Oscar nominations: Everything you need to know

In a few hours, actor-producer John Cho and actor-writer-producer Issa Rae will host a two-part live presentation to declare nominations of Oscars 2020.

While Quentin Tarantino's "Once Upon A Time In Hollywood", which won Best Film awards at Monday's Critics' Choice Awards and at the Golden Globes earlier this month, is expected to be one of the frontrunners at Oscars, there's more to look forward to.

While "Gully Boy", India's official entry for the Best Foreign Film, is out of the race, there could still be a remote chance for an Indian film to get an Oscar nomination. Chef-turned-filmmaker Vikas Khanna has submitted his debut directorial effort "The Last Color" as an entry for Best Feature Film category.

On the other awards, Joaquin Phoenix is expected to be the frontrunner among nominees in the Best Actor cetogery for "Joker", while Renee Zellweger looks like a sureshot entry for "Judy".

According to bbc.com, only five women have been nominated for best director over the decades, and only one since 2010. That was Greta Gerwig for "Lady Bird" in 2018. Could she be one of the contenders this year for her acclaimed adaptation of "Little Women"? If Gerwig does get the nod, she will become the first woman to be nominated twice for best director.

Popular picks for the Best Director should be Sam Mendes ("1917"), Quentin Tarantino ("Once Upon A Time In Hollywood"), Martin Scorsese ("The Irishman"), and Bong Joon-ho ("Parasite").

In fact, Joon-Ho's Korean film "Parasite" is also heavily favoured to get an easy entry in the Best Foreign Film category. The film has been winning in this category at most International awards ceremonies so far.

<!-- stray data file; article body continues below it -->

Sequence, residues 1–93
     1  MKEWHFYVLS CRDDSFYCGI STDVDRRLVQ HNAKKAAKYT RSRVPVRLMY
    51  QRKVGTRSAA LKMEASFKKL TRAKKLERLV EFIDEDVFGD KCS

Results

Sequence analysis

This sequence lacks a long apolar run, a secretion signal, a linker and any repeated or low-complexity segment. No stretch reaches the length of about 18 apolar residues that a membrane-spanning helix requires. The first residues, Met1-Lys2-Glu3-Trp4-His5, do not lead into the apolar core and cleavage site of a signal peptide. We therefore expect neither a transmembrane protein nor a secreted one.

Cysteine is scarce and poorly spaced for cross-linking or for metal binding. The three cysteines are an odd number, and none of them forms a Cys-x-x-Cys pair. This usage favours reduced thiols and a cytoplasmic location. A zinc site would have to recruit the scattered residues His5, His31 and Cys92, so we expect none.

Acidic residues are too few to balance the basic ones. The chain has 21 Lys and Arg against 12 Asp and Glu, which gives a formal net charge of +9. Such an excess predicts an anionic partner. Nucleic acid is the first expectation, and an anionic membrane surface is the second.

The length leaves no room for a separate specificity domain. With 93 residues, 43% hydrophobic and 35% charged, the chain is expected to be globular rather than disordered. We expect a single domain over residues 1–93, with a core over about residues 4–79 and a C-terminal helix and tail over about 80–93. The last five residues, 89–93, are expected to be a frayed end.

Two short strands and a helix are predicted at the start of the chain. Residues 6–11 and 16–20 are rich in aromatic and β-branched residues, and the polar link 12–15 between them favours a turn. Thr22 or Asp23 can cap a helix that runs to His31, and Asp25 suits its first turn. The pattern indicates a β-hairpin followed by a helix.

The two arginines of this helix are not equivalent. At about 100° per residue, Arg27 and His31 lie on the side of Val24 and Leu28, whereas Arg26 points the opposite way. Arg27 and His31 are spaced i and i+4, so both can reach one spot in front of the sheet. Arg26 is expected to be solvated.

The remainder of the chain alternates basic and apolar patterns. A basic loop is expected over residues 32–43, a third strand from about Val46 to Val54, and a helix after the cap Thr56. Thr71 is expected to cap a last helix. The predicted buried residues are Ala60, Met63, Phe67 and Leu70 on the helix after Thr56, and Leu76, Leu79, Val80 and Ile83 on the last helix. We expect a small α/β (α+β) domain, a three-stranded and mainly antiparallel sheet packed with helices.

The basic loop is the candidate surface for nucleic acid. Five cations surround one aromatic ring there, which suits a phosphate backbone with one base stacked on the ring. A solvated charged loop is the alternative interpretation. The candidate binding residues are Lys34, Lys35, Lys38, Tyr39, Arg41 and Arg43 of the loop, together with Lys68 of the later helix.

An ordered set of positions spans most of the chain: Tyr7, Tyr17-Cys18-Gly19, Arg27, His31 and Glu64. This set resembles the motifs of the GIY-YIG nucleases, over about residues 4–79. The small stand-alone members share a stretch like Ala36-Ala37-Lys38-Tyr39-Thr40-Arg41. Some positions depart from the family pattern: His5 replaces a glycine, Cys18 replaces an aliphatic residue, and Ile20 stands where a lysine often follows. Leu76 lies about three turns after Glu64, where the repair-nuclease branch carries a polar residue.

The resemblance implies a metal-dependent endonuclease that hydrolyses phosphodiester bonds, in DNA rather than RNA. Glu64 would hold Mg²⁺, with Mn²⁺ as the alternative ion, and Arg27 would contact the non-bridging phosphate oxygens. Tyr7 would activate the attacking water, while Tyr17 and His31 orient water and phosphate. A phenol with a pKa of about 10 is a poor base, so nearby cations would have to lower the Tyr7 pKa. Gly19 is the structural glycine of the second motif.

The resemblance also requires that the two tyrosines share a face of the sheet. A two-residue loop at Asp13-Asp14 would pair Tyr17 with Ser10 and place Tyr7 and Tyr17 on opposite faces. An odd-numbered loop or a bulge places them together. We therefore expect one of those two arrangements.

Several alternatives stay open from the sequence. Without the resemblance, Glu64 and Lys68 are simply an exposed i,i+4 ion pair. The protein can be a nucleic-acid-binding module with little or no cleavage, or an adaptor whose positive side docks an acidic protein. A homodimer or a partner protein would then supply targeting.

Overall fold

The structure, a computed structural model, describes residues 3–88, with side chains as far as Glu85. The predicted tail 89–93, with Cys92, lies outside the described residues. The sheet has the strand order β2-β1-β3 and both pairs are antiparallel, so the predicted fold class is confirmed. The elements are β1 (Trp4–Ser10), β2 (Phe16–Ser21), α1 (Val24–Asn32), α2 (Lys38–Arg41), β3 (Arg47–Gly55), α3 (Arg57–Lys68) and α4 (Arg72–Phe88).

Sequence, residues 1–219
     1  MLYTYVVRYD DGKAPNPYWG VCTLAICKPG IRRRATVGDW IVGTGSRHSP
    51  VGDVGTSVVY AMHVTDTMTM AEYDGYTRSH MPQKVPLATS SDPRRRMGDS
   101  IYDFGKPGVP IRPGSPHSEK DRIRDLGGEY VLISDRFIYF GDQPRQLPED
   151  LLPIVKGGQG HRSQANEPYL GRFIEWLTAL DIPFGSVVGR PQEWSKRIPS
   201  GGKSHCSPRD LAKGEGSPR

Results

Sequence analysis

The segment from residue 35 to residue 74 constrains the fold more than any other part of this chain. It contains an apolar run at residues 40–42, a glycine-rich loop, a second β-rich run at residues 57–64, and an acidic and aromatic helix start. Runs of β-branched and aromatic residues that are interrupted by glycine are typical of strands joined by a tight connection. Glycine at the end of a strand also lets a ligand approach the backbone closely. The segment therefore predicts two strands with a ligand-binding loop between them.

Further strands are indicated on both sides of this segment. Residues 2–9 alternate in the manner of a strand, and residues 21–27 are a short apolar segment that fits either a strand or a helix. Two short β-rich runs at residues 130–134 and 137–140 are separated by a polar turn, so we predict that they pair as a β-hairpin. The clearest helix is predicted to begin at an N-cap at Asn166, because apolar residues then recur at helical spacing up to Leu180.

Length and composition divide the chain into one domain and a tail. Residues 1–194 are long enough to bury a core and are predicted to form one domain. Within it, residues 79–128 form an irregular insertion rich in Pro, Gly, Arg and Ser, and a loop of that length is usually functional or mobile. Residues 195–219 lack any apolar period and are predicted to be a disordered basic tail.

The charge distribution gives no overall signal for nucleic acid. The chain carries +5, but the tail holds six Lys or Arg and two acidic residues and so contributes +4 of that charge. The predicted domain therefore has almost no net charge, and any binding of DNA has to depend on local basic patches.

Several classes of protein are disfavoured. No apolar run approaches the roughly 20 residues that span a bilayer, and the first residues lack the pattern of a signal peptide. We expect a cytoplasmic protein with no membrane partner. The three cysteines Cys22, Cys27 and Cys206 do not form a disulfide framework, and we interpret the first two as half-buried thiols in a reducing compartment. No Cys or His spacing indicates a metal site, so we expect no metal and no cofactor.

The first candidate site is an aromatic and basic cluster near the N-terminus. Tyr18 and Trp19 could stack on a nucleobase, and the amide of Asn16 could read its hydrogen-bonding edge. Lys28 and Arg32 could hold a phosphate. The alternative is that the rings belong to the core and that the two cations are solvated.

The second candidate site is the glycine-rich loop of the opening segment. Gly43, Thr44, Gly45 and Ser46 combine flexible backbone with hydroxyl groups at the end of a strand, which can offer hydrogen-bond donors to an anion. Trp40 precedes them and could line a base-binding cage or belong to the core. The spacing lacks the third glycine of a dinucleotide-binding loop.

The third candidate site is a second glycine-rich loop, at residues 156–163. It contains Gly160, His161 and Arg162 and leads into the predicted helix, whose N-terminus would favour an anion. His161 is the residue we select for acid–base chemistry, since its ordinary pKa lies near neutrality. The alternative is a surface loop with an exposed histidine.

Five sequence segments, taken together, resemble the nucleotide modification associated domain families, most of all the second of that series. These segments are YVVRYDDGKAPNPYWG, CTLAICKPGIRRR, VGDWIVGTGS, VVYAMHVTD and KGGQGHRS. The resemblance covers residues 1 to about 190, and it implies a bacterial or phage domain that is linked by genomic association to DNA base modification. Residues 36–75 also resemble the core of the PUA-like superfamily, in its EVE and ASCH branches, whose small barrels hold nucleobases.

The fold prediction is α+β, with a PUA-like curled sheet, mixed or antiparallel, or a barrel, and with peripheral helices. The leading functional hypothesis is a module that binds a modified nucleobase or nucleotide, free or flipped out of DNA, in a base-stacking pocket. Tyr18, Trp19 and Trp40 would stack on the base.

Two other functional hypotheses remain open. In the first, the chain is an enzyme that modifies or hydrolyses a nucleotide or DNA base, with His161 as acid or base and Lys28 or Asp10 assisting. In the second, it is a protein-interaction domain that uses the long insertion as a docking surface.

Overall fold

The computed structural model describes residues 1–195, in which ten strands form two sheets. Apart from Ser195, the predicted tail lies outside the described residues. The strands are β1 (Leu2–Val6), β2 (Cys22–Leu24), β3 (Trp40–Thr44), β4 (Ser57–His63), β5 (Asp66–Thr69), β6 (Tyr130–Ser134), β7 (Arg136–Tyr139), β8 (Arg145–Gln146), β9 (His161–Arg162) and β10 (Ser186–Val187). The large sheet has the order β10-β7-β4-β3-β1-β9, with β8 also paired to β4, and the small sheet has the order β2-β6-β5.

While Cho and Rae are non-white celebrities to read out the names of nominees this year, will Oscars once again be #SoWhite, or will we see a fair representation of talent?

Last year, three of the four acting statuettes were won by non-white stars (Rami Malek, Regina King and Mahershala Ali). This time, the Oscars are likely to be less diverse, reports bbc.com. At the Golden Globes, Asian-American star Awkwafina was the only non-white winner in the six movie acting categories, for "The Farewell".

It is the best actress category that is likely to be the most diverse when the Oscar nominations come out. British star Cynthia Erivo missed out on a BAFTA (British Academy of Film and Television Arts) Film Awards nod but was shortlisted for a Golden Globe for playing slave-turned-abolitionist Harriet Tubman in "Harriet".

Eddie Murphy could be in the running for best actor for "Dolemite Is My Name", 13 years after his last and only nomination (for "Dreamgirls").

Zhao Shuzhen could be in the list of best supporting actress for "The Farewell", while Song Kang-Ho has a shot at best supporting actor for his performance in "Parasite".

Past Oscar favourites could be back in the list. Tom Hanks has won twice, but has not been nominated since 2001 (for "Cast Away"). He's in with a chance for "A Beautiful Day in the Neighborhood". Al Pacino has eight career nominations - the last coming when he was up twice in 1993 (winning for "Scent of a Woman"). This time, he could return for "The Irishman".

Renee Zellweger had three nominations in a row from 2002-04, but has not been listed since winning for the 2003 film "Cold Mountain". This year, she might make it to the best actress list for playing Judy Garland in "Judy".

The 92nd Academy Awards ceremony will be aired live on Star Movies on February 10 morning in India.